The real world is a tough place so CSU’s College of Liberal Arts is trying to making the transition as smooth as possible for art students.
Last week, the College of Liberal Arts hosted a panel of three alumni to advise students about entering the professional world. Students listened as the panelists shared what they have learned in the professional world after leaving CSU and gave tips for success in the art world. Students then had the chance to ask any questions.
“This is a really good step at helping prepare us,” said Tiffany Trotter, a junior art education major.
Trotter said she came to the panel to hear about how to get ahead after college.
One way panelists advised attenees is to start networking through social sites such as LinkedIn.
According to Christine Costello, panelist and program manager for Colorado Creative Industries, it is a good idea to join email lists for job postings. Costello found her own job by searching localized Craigslist postings for Denver.
“Become familiar with the local job boards,” Costello said.
The panelists stressed the importance of getting experience in the field before graduation and, according to Costello, internships are a good way to get that experience.
“It’s always good to look for internships, but it’s hard to get your foot in the door,” Costello said.
Chairman of the Art Department Gary Voss said the panels are a way to keep students informed. Despite many students getting discouraged and walking out on the industry, Voss said there’s a lot of money in art, especially if artists venture out and get creative with their career paths, such as being a museum curator, an art teacher or graphic design.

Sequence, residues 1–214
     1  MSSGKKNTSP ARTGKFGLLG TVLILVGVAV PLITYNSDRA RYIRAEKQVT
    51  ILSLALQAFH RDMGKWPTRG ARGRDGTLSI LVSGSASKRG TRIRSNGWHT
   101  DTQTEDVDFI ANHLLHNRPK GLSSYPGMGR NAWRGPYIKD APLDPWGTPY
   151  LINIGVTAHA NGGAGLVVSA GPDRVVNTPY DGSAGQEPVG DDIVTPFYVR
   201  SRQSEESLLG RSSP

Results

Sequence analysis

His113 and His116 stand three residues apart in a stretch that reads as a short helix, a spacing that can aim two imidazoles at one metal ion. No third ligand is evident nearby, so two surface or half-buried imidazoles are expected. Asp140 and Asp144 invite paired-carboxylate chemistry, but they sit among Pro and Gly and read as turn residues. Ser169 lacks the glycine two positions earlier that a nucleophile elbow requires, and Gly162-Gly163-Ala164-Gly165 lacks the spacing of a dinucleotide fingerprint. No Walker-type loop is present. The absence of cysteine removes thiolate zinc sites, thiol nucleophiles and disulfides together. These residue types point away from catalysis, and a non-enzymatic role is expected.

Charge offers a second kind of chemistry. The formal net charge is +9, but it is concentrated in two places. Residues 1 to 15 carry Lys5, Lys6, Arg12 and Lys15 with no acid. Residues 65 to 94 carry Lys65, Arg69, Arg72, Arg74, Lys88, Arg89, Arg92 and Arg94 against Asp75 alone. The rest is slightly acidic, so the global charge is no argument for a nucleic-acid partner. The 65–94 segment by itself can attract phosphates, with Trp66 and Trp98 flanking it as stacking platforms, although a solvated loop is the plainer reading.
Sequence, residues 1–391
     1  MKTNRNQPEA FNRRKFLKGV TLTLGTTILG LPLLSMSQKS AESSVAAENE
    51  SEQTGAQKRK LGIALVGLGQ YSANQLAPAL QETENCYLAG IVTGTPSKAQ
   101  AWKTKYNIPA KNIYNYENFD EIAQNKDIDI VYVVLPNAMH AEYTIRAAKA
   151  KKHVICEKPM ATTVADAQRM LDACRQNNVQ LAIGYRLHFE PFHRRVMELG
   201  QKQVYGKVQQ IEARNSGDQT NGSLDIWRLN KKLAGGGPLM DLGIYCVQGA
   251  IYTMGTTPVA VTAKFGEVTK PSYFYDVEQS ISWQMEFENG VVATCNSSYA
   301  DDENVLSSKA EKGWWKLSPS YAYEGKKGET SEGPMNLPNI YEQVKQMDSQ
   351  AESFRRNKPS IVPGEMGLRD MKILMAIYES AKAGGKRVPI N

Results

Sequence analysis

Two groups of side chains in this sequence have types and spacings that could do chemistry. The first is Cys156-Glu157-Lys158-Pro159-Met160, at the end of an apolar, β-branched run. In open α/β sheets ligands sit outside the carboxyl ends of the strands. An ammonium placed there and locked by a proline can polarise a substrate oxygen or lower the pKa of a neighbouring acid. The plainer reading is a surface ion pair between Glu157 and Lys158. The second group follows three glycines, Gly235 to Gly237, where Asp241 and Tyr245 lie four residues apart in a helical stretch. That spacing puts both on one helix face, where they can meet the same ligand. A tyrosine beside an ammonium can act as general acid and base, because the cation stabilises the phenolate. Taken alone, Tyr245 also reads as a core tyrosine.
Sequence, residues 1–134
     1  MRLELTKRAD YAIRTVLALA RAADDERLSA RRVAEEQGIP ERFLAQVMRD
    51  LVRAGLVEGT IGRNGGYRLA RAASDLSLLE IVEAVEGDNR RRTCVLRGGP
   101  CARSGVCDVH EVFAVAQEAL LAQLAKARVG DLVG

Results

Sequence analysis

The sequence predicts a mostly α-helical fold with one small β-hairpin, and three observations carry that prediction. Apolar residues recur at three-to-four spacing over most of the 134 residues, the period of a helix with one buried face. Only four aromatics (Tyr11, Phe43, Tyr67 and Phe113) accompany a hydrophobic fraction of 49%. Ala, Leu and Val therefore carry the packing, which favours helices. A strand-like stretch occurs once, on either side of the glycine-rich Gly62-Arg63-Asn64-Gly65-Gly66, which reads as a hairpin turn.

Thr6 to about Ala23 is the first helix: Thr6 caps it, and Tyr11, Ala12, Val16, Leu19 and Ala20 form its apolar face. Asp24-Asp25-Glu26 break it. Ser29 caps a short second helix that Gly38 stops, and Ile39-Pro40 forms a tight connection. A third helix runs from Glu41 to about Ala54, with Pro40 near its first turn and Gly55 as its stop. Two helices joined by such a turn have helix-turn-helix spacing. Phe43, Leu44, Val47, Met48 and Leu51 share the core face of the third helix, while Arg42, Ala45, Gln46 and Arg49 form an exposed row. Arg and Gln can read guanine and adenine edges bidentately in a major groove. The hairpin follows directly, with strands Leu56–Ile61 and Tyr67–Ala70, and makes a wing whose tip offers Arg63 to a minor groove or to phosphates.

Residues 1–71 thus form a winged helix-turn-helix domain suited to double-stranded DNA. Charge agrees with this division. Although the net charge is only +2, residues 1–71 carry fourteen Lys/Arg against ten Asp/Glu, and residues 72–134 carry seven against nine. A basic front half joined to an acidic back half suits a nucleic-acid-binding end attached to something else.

“Many people can be successful in a career in art,” Voss said.
According to Costello, however, students should expect to have to work for their positions when looking for their first professional job. Costello advises focusing on bulking up their resumes with experience before working their way up to their dream job.
“I wouldn’t say go tor that director job right away,” Costello said. “Build up your skill level.”
Not all art majors plan to be professional artists after graduation. Trotter, for example, wants to be an artist and teach on the side.
“I hope to teach art and paint as a professional,” Trotter said.
“Not everyone can be an artist,” Voss said, but students should still have goals for the future.
Voss stressed the fact that there are a wide variety of opportunities available for graduating art students — just because students are not finding what they expect job-wise, they still have a lot of potential careers in art.
“There might be another way of doing it other than working at McDonald’s,” Voss said.
Collegian Staff Writer Amber Johnson can be reached at email@example.com.